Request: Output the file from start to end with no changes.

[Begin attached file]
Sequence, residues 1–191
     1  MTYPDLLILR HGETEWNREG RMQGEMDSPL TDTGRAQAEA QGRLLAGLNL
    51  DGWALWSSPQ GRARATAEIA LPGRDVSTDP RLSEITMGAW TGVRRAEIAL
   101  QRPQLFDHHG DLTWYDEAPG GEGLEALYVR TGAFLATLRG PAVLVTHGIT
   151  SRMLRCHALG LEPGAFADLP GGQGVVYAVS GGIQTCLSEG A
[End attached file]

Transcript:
Sequence, residues 1–191
     1  MTYPDLLILR HGETEWNREG RMQGEMDSPL TDTGRAQAEA QGRLLAGLNL
    51  DGWALWSSPQ GRARATAEIA LPGRDVSTDP RLSEITMGAW TGVRRAEIAL
   101  QRPQLFDHHG DLTWYDEAPG GEGLEALYVR TGAFLATLRG PAVLVTHGIT
   151  SRMLRCHALG LEPGAFADLP GGQGVVYAVS GGIQTCLSEG A